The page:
A quick allotment tour…

Last night I headed down to our allotment to check on things and give the greenhouse a water. I thought I’d show you what we have going on so far. We started making the beds in February of this year and planting commenced in April. We have just 5 beds so far (the raised beds in the top left of the photo are someone else’s) but have fenced off a patch the same size again which will be filled with beds quite soon. As you can see, the central bed here is full of first early potatoes and doing well. I expect we can harvest some soon, as a few plants are showing flowers. Peas, beans and Swiss chard have gone in the bed to the left of that. The chard is looking great,  swiss chard but the beans are looking a little washed out.runner beans

I’m not sure why, possibly as it’s quite exposed at our allotment so are feeling the elements or maybe the soil conditions aren’t completely suitable.

On the right hand side of the allotment are onions, beetroot, parsnips and a few more potatoes that over spilled the first bed! We are incredibly lucky that the wonderful friends that allow us to use this field also keep horses (as you can see), so we have a ready supply of rotted horse manure to hand which has formed the main structure of the vegetable beds. Unfortunately, some of it is rather too well rotted and has collected a lot of seeds where it was sitting, which have now burst into life! On the plus side, we believe the weeds to be edible but they have out competed a lot of my beetroot seeds. The parsnip seem to have managed quite well though, and now everything’s a little bigger, it’s much easier to distinguish between the weeds and intended crop. I hope that with some constant weeding this year we will see much less of them next year! I’ve never grown parsnip before, so any words of wisdom are greatly appreciated!

The bed at the bottom of the first picture has a bit of a mixture in at the moment. I started with 2 raspberry bushes, one summer and one autumn fruiting variety. On the opposite side of that bed is a new rhubarb plant. We seem to be suffering quite badly in this bed with dock so have mulched part of it with cardboard. There is a courgette plant and a couple of small lavender plants. I don’t intend for the lavender to stay in the veg bed, but it needed a home! I want lavender dotted around the allotment because a) I love it, and b) we love bees! There doesn’t seem to be a particular shortage of bees around us but that doesn’t mean we shouldn’t still try to encourage them. Ashley would like to get a bee hive set up at some point… I like the idea in theory but w certainly need to do some research before jumping into that one. Do you have any experience in bee keeping? Does a bee hive need daily attention?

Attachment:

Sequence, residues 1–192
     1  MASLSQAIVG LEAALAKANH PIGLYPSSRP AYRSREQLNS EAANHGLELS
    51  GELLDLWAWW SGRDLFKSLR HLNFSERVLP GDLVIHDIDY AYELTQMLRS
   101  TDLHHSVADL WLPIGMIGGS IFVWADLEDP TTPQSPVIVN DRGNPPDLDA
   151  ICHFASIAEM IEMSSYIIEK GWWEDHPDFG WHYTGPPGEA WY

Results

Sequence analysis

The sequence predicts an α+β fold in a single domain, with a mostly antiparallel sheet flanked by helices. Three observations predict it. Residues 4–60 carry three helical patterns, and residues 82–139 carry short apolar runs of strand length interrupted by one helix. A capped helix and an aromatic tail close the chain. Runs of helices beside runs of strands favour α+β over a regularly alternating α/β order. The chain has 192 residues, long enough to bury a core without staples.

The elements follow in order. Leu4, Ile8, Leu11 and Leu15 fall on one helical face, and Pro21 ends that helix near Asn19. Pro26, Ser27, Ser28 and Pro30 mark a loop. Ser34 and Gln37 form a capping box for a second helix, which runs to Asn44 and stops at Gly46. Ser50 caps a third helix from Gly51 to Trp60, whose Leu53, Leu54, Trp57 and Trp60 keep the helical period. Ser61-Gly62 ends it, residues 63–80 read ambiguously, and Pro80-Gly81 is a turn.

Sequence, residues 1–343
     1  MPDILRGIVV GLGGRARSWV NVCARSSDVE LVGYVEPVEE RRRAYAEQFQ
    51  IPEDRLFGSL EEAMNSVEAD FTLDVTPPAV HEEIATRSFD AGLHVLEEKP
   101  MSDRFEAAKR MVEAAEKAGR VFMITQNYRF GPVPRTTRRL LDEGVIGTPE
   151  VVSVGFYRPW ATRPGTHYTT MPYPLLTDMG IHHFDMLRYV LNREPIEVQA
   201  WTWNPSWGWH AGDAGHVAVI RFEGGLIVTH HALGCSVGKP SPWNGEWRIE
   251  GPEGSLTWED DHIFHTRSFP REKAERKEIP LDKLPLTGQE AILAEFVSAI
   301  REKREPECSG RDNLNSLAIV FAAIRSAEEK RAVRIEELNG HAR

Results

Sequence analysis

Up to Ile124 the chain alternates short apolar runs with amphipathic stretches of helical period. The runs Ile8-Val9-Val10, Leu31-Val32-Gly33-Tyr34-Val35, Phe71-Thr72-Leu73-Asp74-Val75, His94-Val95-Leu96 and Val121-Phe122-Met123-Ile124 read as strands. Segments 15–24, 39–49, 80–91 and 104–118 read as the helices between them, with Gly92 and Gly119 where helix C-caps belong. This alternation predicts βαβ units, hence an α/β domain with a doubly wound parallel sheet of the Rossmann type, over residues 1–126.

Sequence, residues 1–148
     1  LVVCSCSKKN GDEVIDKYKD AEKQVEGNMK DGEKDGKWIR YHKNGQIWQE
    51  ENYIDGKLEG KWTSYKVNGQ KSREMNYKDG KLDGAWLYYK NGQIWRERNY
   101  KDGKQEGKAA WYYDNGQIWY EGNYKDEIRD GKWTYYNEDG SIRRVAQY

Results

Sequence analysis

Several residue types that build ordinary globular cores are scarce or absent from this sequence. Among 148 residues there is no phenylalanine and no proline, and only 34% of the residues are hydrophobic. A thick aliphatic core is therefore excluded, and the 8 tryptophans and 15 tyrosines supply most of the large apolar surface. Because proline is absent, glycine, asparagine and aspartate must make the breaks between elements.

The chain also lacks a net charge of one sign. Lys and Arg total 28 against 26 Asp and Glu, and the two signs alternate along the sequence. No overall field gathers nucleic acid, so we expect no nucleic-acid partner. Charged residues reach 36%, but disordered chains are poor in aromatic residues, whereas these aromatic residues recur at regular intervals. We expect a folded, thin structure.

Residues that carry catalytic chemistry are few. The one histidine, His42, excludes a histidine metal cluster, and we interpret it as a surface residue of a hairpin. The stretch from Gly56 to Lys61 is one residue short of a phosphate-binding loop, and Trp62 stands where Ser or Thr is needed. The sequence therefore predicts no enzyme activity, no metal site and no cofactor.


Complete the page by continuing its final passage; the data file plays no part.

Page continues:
There is another smaller bed just out of view in the first photo, that has blackcurrant and redcurrant in. It is also acting as a nursery bed for a few more lavender plants. We have a fairly established bed of blackcurrant bushes at home, we will move them down to the allotment this autumn I think. They are getting on well and it would be daft to move them now and lose what will hopefully be our best crop to date!

In the greenhouse at the moment I have several tomato varieties, some broccoli and Brussels sprouts that are waiting for a home on the plot, and some chilli and sweet pepper plants. One of Ashley’s next jobs is to build me some benches to go in there! For now, an old vertical grower (the mini greenhouse type) that has lost its cover and an old pallet or two are serving as shelving.

Well, that’s our little allotment! I hope you have enjoyed the little tour!